NYPD Used Celebrity Lookalikes to Alter Facial Recognition Results, Researchers Say

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NEW YORK — The use of facial recognition by law enforcement continues to be a hot topic. While it has potential to be a valuable tool, there is no guarantee it will be used responsibly.

A new report on law enforcement’s use of surveillance technology said the New York Police Department abused its facial recognition system by editing suspects’ photos.

Researchers from the Georgetown Center on Privacy and Technology, who specializes in facial recognition, obtained documents for their investigation into the NYPD, reports NBC News.

They found that the department was editing photos and uploading celebrity lookalikes into the facial recognition software in an effort to identify people wanted for crimes.

In the report, a case is detailed from April 2017 where NYPD investigators were trying to identify a man caught on surveillance stealing beer from CVS. The researchers said the image was not high quality and did not produce any potential matches in the facial recognition system.

A detective, however, noted that the suspect looked like actor Woody Harrelson, so an image of the actor was submitted in the suspect’s place.

From a new list of results, detectives found a man they believed was a match and arrested him, according to the researchers.

The report also found evidence that the NYPD doctored images of suspects to make them look more like mugshots. To do so, they would replace facial features using photos of a model taken from Google.

“These techniques amount to the fabrication of facial identity points: at best an attempt to create information that isn’t there in the first place and at worst introducing evidence that matches someone other than the person being searched for,” the report says.

The report calls to ban police use of the technology, which cities like San Francisco just passed last week.

“It doesn’t matter how accurate facial recognition algorithms are if police are putting very subjective, highly edited or just wrong information into their systems,” says Clare Garvie, the report’s author and senior associate at the Center on Privacy and Technology. “They’re not going to get good information out. They’re not going to get valuable leads. There’s a high risk of misidentification. And it violates due process if they’re using it and not sharing it with defense attorneys.”

The report also documented incidents in Maricopa County, Ariz., Washington County, Ore. and Pinellas County, Fla. about officers misusing facial recognition technology.

“At least half a dozen police departments across the country permit, if not encourage, the use of face recognition searches on forensic sketches — hand drawn or computer generated composite faces based on descriptions that a witness has offered,” the report states.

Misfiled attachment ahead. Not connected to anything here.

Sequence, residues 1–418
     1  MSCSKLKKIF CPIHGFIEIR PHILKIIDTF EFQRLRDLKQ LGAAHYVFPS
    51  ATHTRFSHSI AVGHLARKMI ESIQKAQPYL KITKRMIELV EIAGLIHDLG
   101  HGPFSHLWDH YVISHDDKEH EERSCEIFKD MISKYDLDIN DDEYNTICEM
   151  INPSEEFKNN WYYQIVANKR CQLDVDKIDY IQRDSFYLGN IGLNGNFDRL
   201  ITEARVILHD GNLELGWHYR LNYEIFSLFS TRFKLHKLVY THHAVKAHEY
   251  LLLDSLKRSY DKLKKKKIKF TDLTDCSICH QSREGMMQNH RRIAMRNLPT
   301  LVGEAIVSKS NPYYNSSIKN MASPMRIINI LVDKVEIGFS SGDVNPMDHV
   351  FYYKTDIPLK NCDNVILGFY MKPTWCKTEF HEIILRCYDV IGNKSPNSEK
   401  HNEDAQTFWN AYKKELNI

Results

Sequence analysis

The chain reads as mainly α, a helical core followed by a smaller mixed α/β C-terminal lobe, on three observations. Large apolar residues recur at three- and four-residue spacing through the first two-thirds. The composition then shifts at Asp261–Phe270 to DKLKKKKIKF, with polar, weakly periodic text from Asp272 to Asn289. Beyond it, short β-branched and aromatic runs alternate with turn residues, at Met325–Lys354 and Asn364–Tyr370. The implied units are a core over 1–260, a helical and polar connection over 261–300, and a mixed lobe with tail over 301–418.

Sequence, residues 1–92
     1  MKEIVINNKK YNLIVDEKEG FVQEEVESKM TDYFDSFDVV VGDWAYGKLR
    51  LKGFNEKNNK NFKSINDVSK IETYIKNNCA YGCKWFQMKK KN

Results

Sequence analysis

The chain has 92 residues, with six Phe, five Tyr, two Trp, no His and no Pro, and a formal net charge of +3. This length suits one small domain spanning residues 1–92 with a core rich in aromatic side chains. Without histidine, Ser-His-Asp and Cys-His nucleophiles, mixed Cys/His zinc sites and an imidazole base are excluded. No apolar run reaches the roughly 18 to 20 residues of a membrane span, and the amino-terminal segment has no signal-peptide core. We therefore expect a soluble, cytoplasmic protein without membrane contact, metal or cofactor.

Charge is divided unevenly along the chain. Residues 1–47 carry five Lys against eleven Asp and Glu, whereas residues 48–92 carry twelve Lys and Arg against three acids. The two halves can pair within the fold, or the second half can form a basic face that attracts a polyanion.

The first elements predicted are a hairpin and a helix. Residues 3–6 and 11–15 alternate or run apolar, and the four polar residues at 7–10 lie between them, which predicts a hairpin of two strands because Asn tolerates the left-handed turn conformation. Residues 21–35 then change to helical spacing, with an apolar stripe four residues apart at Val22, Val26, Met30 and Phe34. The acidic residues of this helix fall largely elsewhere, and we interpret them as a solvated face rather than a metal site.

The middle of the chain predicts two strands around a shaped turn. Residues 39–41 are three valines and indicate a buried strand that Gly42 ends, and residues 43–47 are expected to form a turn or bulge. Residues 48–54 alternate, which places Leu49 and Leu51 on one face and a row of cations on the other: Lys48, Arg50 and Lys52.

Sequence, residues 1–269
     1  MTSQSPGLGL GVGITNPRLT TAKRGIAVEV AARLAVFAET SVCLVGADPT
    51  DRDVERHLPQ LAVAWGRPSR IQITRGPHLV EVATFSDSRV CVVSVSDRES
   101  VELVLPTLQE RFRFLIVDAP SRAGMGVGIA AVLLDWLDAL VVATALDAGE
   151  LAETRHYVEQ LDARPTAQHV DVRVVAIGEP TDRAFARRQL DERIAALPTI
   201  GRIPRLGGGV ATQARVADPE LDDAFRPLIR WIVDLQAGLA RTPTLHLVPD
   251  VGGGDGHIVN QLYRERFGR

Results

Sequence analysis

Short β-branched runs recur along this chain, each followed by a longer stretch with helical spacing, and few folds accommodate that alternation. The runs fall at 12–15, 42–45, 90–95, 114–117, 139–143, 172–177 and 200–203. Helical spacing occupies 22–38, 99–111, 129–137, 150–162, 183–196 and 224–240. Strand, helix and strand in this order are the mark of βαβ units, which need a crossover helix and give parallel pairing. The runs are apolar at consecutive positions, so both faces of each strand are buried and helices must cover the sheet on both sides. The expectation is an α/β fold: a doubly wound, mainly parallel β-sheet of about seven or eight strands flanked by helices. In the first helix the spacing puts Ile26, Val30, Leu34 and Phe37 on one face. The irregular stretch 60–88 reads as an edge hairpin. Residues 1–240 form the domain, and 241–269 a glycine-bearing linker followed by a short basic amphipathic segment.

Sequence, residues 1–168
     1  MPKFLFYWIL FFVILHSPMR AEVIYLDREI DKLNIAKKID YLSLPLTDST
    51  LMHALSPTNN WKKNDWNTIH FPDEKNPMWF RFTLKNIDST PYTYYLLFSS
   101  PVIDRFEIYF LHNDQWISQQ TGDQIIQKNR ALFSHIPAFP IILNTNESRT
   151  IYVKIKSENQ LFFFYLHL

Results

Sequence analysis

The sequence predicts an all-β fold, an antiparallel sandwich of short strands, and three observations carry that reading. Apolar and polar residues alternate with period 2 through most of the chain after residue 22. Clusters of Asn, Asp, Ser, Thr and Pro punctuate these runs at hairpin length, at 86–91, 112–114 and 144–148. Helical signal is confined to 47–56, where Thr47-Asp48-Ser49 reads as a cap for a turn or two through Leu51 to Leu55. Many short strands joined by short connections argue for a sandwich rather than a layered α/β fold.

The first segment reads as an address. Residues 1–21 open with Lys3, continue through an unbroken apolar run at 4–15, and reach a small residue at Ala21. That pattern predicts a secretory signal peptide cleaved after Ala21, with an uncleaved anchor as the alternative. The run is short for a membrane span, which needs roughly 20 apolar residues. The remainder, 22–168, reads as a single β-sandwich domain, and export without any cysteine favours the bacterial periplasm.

The Washington County Sheriff’s Office said in a statement that it “has actually never used a sketch with our facial recognition program for an actual cause. A sketch has only been used for demonstration purposes, in a testing environment.”

The Pinellas County Sheriff’s Office responded similarly, while the Maricopa County Sheriff’s Office said they no longer maintain a facial recognition system.

The NYPD initially fought Georgetown’s efforts to obtain information about how its facial recognition system worked, but ultimately handed over thousands of pages in documents.

The department said in a statement that is “has been deliberate and responsible in its use of facial recognition technology” and has used it to solve a variety of crimes.

Many officers say that facial recognition technology helps solve cases that otherwise would have gone cold, like in homicides, rapes, or attacks in the city’s subway system where the person is often unidentified.

The department did not dispute the facts stated in the Georgetown report, but said it is reviewing its facial recognition protocols.

The report also provides recommendations for law enforcement agencies that choose to continue to use face recognition in their investigations:

  • Stop using celebrity look-alike probe images.
  • Stop submitting artist or composite sketches to face recognition systems not expressly designed for this purpose.
  • Follow minimum photo quality standards, such as pixel density and the percent of the face that must be visible in the original photo.
  • Carefully document any edits made to the image and their results.
  • Prohibit the use of face recognition as a positive identification under any circumstance.

You can see the full report and its recommendations here.

Editor’s Note: This story first ran in Security Sales and Integration’s sister publication Campus Safety.

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